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Hydropower is expected to remain the world’s largest source of renewable electricity generation and play a critical role in decarbonising the power system and improving system flexibility.

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Key findings

Hydropower and wind electricity generation growth in selected markets, 2015-2020 average and 2021


Hydropower generation increased 124 TWh (+3%) in 2020, reaching 4 418 TWh and remaining the largest renewable source of electricity, generating more than all other renewable technologies combined. After five consecutive years of decline, hydropower capacity additions rebounded in 2020 and reached 21 GW thanks to commissioning of several large power plants in China and Turkey. In 2021 however, severe drought conditions in Brazil, the United States, China and Turkey have limited global hydropower generation. As a result, our forecast expects hydropower generation to remain stable compared with 2020, ending the annual increases seen since 2001.

Hydropower generation in the Net Zero Scenario, 2000-2030


Hydropower is not fully on track with the Net Zero Scenario

In the Net Zero Emissions by 2050 Scenario, hydropower maintains a 3% average annual generation growth rate between 2020 and 2030 to provide 5 870 TWh of electricity per year. To meet this level, an average 48 GW of new capacity should be connected to the grid annually during this period. Although capacity additions are expected to accelerate in upcoming years owing to the many large projects under construction in China, India, Ethiopia and Southeast Asia, achieving the required deployment will take much more effort, especially to streamline permitting and ensure project sustainability.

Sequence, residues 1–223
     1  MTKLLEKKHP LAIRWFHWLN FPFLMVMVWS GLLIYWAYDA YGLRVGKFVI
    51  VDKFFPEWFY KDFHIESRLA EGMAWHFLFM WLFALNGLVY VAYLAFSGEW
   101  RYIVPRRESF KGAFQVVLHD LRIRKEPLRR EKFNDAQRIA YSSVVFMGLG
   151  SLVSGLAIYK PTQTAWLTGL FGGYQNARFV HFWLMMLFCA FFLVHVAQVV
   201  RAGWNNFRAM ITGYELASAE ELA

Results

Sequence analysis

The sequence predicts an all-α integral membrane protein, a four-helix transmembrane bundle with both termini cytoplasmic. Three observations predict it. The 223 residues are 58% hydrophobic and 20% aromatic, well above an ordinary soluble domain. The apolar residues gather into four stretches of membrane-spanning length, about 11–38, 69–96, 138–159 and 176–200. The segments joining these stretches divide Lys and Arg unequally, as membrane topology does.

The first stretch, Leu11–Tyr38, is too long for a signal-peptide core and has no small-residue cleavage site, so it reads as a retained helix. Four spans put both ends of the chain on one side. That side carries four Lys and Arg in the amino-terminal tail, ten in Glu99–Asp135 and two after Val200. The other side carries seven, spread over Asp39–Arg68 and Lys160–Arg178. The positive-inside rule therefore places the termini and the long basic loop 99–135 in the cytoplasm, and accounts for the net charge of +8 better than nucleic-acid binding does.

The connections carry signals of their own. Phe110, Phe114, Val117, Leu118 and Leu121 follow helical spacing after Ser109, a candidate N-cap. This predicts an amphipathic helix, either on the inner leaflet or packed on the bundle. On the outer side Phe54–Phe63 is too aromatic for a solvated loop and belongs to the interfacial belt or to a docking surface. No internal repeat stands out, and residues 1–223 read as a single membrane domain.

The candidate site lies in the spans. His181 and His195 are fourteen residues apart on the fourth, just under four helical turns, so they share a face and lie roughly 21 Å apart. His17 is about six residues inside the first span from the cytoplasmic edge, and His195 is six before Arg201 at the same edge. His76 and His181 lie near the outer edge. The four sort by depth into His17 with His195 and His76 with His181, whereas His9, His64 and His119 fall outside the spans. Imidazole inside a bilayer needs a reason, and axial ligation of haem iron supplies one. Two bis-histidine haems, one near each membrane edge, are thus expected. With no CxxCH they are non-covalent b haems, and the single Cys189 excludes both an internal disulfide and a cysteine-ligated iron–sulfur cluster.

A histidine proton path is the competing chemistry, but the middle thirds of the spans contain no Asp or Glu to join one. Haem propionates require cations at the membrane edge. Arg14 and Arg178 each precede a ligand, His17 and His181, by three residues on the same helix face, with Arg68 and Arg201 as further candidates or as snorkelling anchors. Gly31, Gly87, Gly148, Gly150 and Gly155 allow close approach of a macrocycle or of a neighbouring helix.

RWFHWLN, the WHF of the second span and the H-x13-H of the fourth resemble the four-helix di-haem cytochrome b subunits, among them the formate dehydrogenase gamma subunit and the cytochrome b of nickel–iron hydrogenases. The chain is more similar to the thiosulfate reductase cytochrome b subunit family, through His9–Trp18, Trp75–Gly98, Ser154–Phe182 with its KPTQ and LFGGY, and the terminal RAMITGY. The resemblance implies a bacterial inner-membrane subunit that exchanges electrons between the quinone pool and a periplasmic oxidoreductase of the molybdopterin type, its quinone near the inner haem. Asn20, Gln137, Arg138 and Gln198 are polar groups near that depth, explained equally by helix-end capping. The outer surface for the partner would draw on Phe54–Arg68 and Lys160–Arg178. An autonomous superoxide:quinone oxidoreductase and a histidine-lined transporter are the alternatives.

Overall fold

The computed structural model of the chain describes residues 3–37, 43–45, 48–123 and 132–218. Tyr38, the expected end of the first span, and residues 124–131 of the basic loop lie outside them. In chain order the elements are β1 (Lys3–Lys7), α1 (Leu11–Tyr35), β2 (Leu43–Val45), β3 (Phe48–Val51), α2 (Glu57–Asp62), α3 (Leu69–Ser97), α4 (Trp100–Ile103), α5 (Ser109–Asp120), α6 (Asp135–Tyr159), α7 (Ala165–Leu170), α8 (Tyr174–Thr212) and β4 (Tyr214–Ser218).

Global net hydropower capacity additions by region, 1991-2030


Without major policy changes, global hydropower expansion is expected to slow down this decade

Global hydropower capacity is set to increase by 17%, or 230 GW, between 2021 and 2030. However, net capacity additions over this period are forecast to decrease by 23% compared with the previous decade. The contraction results from slowdowns in the development of projects in China, Latin America and Europe. However, increasing growth in Asia Pacific, Africa and the Middle East partly offsets these declines. The IEA is providing the world’s first detailed forecasts to 2030 for three types of hydropower: reservoir, run-of-river and pumped storage plants. Reservoir hydropower plants account for half of net hydropower additions through 2030 in our forecast. Pumped storage hydropower plants represent 30% of net hydropower additions through 2030 in our forecast. Run-of-river hydropower remains the smallest growth segment because it includes many small-scale projects below 10 MW.
Our work on Hydropower

Hydropwer is the largest source of renewable electricity in the world and it is particularly suited to providing system flexibility. The Hydropower TCP is a global platform for advancing hydropower technology, encouraging the sustainable use of water resources for the development and management of hydropower.